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The socio-economic inequality in education

May 2020,  What factors that may affect how remote teaching can be related to socioeconomic eduation inequalities in the Czech Republic?

The summary of the study in PDF format can be downloaded here.

In response to the Covid-19 pandemic, schools have been closed since 11th March 2020 and have been obliged to switch to remote teaching. This new situation may, among other effects, further deepen the considerable existing inequalities in education, which are already higher in the Czech Republic than in most other European countries. In this study, we look at various factors that may affect how remote teaching can be related to socioeconomic educational inequalities in the Czech Republic. For the sake of clarity, we distinguish between factors relevant to schools, families, and pupils. The aim of this study is not to describe the current situation but to outline who is most at risk of losing out as a result of remote teaching and where possible measures should be targeted in order to prevent deepening inequalities in education further. In this study, we focus on primary and lower secondary schools, with an emphasis on the lower secondary years.

Schools: Only a small proportion of schools were technically prepared to face up to the demands of remote teaching. Only 19 % of primary schools had an online school information system that could be accessed by parents and pupils, while 50 % at most used some kind of online teaching platform.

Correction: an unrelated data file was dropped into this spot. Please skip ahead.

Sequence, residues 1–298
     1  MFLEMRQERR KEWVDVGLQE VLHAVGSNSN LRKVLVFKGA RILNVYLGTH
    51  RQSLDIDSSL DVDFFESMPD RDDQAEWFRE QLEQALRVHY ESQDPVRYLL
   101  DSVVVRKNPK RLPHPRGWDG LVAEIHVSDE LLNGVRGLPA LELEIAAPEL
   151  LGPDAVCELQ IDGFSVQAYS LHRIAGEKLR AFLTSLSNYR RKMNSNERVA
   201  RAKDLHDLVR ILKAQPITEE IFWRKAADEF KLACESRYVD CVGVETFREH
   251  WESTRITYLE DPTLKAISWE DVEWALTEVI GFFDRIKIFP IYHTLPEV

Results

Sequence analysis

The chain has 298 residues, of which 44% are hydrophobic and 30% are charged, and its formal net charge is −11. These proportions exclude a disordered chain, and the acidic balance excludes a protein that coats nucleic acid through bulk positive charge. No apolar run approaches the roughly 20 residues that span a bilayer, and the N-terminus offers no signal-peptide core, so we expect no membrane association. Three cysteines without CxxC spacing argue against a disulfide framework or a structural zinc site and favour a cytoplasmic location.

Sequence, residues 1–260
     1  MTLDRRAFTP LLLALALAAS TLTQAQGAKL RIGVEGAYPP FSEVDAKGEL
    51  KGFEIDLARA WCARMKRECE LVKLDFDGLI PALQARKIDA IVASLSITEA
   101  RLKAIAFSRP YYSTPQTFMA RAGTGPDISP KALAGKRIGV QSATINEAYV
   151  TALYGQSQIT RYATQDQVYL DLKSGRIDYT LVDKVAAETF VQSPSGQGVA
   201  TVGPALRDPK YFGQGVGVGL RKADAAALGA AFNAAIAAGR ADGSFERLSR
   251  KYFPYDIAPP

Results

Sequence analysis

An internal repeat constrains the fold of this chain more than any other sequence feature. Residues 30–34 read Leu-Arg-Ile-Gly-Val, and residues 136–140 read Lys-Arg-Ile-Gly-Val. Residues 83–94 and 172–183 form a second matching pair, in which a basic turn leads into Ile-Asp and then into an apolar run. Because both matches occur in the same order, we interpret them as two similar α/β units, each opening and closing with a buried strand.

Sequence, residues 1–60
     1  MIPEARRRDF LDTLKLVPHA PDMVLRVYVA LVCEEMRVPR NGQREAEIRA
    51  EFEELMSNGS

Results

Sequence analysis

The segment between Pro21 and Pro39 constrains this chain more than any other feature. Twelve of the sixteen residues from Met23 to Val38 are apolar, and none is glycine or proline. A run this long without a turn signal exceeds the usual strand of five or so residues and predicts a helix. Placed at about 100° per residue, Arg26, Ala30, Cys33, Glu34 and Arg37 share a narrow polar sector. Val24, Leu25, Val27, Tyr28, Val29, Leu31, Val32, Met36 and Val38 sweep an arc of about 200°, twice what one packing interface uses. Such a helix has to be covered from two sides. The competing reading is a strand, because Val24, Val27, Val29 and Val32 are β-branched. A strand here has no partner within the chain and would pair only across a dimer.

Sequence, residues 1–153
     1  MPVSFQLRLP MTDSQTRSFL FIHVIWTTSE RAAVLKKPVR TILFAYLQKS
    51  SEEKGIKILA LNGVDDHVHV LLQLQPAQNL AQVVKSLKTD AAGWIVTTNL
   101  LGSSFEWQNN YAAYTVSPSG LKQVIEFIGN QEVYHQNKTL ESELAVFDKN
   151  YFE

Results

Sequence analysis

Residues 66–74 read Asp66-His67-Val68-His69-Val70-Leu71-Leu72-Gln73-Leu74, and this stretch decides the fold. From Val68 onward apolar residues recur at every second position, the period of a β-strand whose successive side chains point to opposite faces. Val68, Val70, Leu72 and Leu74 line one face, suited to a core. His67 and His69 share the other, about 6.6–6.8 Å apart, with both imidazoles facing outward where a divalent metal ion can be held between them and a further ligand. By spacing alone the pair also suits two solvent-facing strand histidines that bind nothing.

Teachers: In terms of ICT skills, fewer than half of all teachers were prepared for teaching remotely, which is below the average across OECD countries. Moreover, almost a quarter of teachers lack mutual support from their colleagues, in particular when introducing new ideas in school. However, these factors – which are essential for a smooth, swift transition to remote teaching – are not substantially different in schools with higher proportions of pupils from disadvantaged backgrounds. That said, schools in socially disadvantaged areas do suffer from a greater lack of teaching staff, in particular a lack of highly qualified teaching staff, which may indeed pose a problem in the current situation.

Households: Technical equipment, in terms of computer hardware and an internet connection, may play the most significant role in households, together with parental support for children’s learning. Although it may not seem that many households seriously lack technical equipment these days, 6 % of households with children still have no computer or tablet at home, and around 3 % have no internet connection. A small share of pupils will also have access only via a mobile phone with a limited data allowance. More often than not, these are pupils from the most deprived socioeconomic backgrounds. This group of pupils is also disadvantaged in terms of the support they receive from their parents. As many as 16 % of pupils from disadvantaged backgrounds lack support from their parents for their efforts to learn, compared with 8 % of pupils from households with higher socioeconomic status. These factors at the household level may contribute to deepening inequalities in education, in particular, if the remote teaching situation continues for a longer period of time. Their impact may also be worse if they are combined with unclear or complex instructions for the remote teaching from the teachers, which would necessitate greater involvement or help from parents.